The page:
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Alcohol & Health
Helping Alcoholics
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Updated on September 14, 2023
7 min read

How Drunk Am I? Signs and Symptoms to Watch For

How Many Alcoholic Drinks Does It Take to Get Drunk?

The average person can get drunk after three to five standard drinks containing alcohol. If you start drinking on an empty stomach, the alcohol will pass into the small intestine, absorbing alcohol faster.

Once your blood alcohol concentration (BAC) reaches a certain level, then you'll be drunk. However, different factors contribute to how much alcohol it takes for someone to get drunk. These include:

  • Alcohol intake
  • Gender
  • Weight
  • Age
  • Medications
  • Food intake
  • Hydration level

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How to Calculate BAC

A BAC calculator is available online if you need a convenient way to calculate your blood alcohol level. However, it is possible to calculate your BAC manually.

Calculating BAC starts with a person's gender because alcohol stays in women's blood longer. After that, you can follow these steps:

  • Determine how many drinks you've had (12 oz. beer, 5 oz. wine, 1.5 oz. liquor, etc.)
  • Multiply the number of standard drinks by .025
  • Determine the amount of time since your last drink
  • Subtract .025% for each full hour since your last drink

The total can indicate when your BAC will return to 0%. If you want to avoid drunk driving, wait until your BAC is close to zero before driving.

What are the Different Stages of Being Drunk?

Your BAC is expressed as the weight of ethanol (measured in grams) in 100 milliliters of blood. In most U.S. states, a .08 percent BAC is the legal limit for drivers at least 21 years old, which is the legal drinking age. 

Here are nine different stages of being drunk:

1. BAC .02 to .03

If your BAC is .02 to .03, you may feel slightly more:

  • Relaxed
  • Euphoric
  • Outgoing

Although you may feel lightheaded with this amount of BAC, you won't lose coordination.

2. BAC .05 to .06

At a 0.05 to 0.06 BAC, you’ll feel warmer and even more relaxed and outgoing. You may experience some minor impairment of your reasoning and exaggerate your behaviors (talking louder, acting bolder, etc.). 

Your emotions will also feel intensified. This means your mood can improve or worsen depending on your feelings.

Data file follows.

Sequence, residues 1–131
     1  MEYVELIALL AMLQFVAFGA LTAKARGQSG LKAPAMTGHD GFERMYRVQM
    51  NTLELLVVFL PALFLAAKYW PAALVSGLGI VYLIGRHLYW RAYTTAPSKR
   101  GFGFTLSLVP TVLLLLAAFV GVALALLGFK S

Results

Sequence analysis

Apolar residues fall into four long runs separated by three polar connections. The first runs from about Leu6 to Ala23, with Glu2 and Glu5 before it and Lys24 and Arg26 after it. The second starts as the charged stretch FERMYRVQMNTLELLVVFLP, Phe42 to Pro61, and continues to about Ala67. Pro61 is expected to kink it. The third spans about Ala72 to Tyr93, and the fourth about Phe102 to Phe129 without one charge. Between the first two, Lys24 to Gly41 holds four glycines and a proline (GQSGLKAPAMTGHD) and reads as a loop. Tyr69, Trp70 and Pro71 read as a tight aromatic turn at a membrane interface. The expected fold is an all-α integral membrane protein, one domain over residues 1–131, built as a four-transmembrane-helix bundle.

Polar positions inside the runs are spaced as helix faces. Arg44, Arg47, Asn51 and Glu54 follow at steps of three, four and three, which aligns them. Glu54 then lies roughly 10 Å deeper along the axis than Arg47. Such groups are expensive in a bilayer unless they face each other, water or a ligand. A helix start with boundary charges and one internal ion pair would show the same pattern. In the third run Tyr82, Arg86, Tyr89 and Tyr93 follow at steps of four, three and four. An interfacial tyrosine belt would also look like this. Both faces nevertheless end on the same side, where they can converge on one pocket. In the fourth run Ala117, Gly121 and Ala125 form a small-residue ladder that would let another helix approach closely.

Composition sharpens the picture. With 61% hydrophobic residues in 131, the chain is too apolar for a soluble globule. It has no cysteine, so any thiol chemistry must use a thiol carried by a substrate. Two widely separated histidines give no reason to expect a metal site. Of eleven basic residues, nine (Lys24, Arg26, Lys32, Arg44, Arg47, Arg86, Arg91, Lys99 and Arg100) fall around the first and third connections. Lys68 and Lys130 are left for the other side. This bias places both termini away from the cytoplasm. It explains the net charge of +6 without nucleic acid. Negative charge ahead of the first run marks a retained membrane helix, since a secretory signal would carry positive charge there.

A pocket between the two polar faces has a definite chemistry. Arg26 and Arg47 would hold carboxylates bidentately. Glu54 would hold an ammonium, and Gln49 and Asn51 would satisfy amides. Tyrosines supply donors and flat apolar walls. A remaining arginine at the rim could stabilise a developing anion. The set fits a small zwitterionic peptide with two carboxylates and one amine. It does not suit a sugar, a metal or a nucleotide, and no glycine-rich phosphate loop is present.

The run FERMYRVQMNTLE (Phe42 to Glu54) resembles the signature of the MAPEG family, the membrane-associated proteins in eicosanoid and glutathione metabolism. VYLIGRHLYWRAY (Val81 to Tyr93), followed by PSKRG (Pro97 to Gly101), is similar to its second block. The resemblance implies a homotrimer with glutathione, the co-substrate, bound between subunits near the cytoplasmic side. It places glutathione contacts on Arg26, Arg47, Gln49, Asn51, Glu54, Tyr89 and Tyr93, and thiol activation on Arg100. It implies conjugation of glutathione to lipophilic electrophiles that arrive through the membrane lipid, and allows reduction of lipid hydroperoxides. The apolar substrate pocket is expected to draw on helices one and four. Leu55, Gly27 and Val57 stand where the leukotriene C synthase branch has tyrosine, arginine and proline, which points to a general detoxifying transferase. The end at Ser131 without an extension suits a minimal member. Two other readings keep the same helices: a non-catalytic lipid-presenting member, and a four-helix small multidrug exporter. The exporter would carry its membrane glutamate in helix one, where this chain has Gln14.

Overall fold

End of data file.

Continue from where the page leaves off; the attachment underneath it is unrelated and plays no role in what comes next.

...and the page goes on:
3. BAC .08 to .09

At a .08 to .09 BAC, you’ll believe you’re functioning better than you are. For example, you may start to slur your speech and rock off balance. Your motor skills will become impaired, and your vision and hearing will diminish.

This BAC level also affects your judgment. You may feel like you’re wearing “beer goggles.”

4. BAC .10 to .12

Once your BAC hits .10 to .12, you’ll experience serious motor coordination impairment and significantly lose judgment skills. You may also experience:

  • Slurred speech
  • Loss of balance
  • Seeing and hearing problems
  • Slower reaction times
  • Talking louder
  • Becoming more belligerent or unreasonable

5. BAC .14 to .17

At a .14 to .17 BAC, you’ll have:

  • Significant motor impairment
  • Lack of physical control
  • Major loss of balance
  • Difficulty seeing or hearing clearly

At this BAC level, you may also black out.

6. BAC .20 to .25

At a .20 BAC to a .25 BAC, your mental, physical, and sensory functions are super impaired. You’ll start to feel significantly confused and may need help to walk or stand. If you injure yourself, it’s common that you won’t feel the pain or do anything about it. 

You may feel nauseous and vomit at this level, it's also possible to choke because your gag reflex is impaired. Blackouts are likely. 

7. BAC .30

At a .30 BAC, you’ll have very little comprehension of the symptoms of lesser BAC levels, but worse. At this point, you will likely pass out.

8. BAC .35

The .35 BAC level is the level of surgical anesthesia. This means that you may potentially experience a coma. You may also stop breathing at this level. 

9. BAC .40

At a .40 BAC, you’ll probably be in a coma as the nerve centers that control your heartbeat and respiration slow down. Death due to respiratory arrest is also possible at this level and beyond.


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What Does it Feel Like to be Drunk?

Being drunk can feel different for different people. But many of the signs and symptoms are the same across the board. Here are a few signs and symptoms that you’re drunk:

  • Slurred speech
  • Difficulty seeing straight
  • Loss of balance
  • Exaggerated behaviors (speaking loudly, acting boldly, etc.)
  • Impaired judgment and inhibitions
  • Feeling warm
  • Lightheadedness
  • Feeling more outgoing and social
  • Nausea with or without vomiting.
  • Passing out
  • Experiencing memory lapses.

Typically, you’ll feel varying symptoms depending on how drunk you are. The drunker you get, the more and worse symptoms you’ll have. 


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What Does it Feel Like to be Tipsy?

Being tipsy is the first sign that the alcohol you consume affects your body. Usually, a man will start to feel tipsy after drinking two to three alcoholic drinks an hour. A woman will feel tipsy after drinking one to two alcoholic drinks an hour.